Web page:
By Paul Smith, Co-founder & CEO //
One of the most common beliefs among people wishing to work their way into the boardroom is that they need some sort of governance training qualification. And while I don’t want to denigrate governance training courses or those who have been through that process, I can tell you that the notion they are a necessary prerequisite to landing a board role is, quite frankly, untrue. But before we talk about why governance training isn’t strictly necessary for would-be directors, let’s quickly bust a few myths around this belief.
Many people looking to land a director role simply believe that without some sort of formal qualification they’ll be overlooked by hiring boards. However, the reality is that boards value experience and variety in their directors over governance training. Out of our program mentors (all of whom are on boards), fewer than half have governance training; likewise, of the people who go through our board programs and land a board role, fewer than 20% have any formal governance training.
Another misconception around the so-called need for governance training is that without it you won’t have the financial and legal know-how to be an effective director. In my experience, the need for this knowledge in the boardroom is vitally important, especially as it relates to your duties, but what you do initially need to know you can easily learn without going through a course; or you can ask of someone who has those specific skill-sets. As a new director it’s highly unlikely you are being hired for your governance experience. Deeper skills can and will be learnt over time.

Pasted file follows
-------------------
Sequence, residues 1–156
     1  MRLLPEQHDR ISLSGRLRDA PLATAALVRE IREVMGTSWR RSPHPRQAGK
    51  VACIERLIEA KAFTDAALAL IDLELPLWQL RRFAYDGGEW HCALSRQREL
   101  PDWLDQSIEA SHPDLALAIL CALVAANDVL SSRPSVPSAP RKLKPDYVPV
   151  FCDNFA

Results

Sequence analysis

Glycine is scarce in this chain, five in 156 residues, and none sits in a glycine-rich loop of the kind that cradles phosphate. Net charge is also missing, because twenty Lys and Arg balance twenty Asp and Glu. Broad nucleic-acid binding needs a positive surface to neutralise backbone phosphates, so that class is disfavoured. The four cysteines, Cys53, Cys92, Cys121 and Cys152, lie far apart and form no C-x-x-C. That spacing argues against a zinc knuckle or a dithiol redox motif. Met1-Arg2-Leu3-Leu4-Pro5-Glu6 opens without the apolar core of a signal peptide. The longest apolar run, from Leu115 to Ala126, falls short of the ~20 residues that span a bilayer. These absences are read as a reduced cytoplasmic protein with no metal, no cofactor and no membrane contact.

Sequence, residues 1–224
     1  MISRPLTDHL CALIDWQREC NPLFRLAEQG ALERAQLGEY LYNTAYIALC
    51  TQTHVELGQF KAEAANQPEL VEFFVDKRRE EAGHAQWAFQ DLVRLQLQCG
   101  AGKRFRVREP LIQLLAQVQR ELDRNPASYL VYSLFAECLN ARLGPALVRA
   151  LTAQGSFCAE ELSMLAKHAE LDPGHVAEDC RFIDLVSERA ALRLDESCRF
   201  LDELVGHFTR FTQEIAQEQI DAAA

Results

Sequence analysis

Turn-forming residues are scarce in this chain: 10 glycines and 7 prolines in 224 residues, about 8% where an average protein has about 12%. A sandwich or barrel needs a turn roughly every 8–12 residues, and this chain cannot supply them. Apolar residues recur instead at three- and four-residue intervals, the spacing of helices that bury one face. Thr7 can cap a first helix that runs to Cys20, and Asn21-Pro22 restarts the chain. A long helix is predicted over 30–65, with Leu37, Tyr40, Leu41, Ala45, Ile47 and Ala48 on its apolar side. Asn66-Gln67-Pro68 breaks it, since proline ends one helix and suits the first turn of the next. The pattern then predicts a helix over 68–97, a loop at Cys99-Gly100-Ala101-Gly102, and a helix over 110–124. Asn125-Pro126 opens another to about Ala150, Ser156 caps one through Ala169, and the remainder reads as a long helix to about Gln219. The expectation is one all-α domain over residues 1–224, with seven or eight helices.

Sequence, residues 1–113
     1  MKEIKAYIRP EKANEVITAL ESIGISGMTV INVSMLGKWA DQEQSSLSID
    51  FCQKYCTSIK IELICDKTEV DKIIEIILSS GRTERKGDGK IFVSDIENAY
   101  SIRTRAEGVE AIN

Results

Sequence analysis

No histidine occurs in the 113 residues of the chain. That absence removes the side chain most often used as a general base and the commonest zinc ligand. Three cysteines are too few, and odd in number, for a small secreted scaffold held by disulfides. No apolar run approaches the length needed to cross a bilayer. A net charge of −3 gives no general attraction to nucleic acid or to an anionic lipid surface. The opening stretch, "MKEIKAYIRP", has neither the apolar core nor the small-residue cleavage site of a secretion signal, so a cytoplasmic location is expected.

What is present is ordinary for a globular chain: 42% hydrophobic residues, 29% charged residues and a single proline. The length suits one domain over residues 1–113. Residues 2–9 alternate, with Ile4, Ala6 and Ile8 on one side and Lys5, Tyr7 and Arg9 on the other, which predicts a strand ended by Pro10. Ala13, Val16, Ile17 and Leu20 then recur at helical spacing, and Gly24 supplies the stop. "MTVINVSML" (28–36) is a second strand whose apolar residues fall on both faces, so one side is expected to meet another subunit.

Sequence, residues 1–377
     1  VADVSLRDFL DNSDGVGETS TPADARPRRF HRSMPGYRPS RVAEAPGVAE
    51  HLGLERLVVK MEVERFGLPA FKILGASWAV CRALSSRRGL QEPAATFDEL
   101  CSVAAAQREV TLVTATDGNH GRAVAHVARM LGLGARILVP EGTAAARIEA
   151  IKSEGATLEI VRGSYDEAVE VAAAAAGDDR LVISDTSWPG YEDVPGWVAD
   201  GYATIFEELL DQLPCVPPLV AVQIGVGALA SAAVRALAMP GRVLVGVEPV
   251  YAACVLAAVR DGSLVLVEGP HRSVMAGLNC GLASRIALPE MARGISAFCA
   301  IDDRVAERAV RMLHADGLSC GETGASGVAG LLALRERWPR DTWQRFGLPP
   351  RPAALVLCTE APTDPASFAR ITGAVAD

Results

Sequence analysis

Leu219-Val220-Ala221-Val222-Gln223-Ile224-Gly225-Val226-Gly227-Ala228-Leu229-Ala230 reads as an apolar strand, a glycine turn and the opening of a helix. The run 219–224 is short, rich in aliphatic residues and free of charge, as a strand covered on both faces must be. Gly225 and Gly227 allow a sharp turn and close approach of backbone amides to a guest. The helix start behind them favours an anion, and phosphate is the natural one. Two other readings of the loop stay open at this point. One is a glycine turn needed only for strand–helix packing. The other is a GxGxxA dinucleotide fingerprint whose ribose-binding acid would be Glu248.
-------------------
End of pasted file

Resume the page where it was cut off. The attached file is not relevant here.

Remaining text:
What’s more important than fiscal knowledge and anything you can glean from governance training is your experience and how you work with others; your ability to question, challenge and hold others to account; in short, the unique qualities that you can bring to a team.
Perhaps the reason that so many people go through governance training is because they believe it will allow them to easily find board work after they receive their qualification; however, these types of training courses fail to offer advice and tips on how to follow through and land a director role. And they don’t tell you how you can excel once you become a director. The reasons we’ve set up our programs the way we have is because we believe it’s important to show people the practical steps they need to follow in order to land a great board role, and the skills they’ll need in order to succeed once they have it.
We encourage our alumni to include governance training into their board career plan but, importantly, we also encourage our alumni to get trained or educated in a wide range of topics in order to be better governors. For example, digital marketing, crisis management, cyber-security, community engagement, product development and so on. As non-executive directors you will be presented with ideas and strategies in these areas and you need to ensure you are knowledgeable enough to assess the risks and opportunities for the company and its stakeholders.
Again, none of this is to say that governance training courses offer no value. They do. It’s just they’ll do little to help you find a director position in the first place. We believe the teachings they offer are great for people who are already in a board, because they become more practical and less theoretical. But before you’ve even set foot into the director space, governance training can be a little abstract.
My advice is to understand exactly what governance training courses can do to help you specifically, and whether you absolutely need one to follow the path you have your heart set on. If you spend some time putting the research in and you deem it to be a necessary step for you, then by all means do it. But if you sign up to a governance training course – even a credible and reputable one – without knowing all the facts, then you may be about to spend a large amount of money on something that doesn’t offer much in return.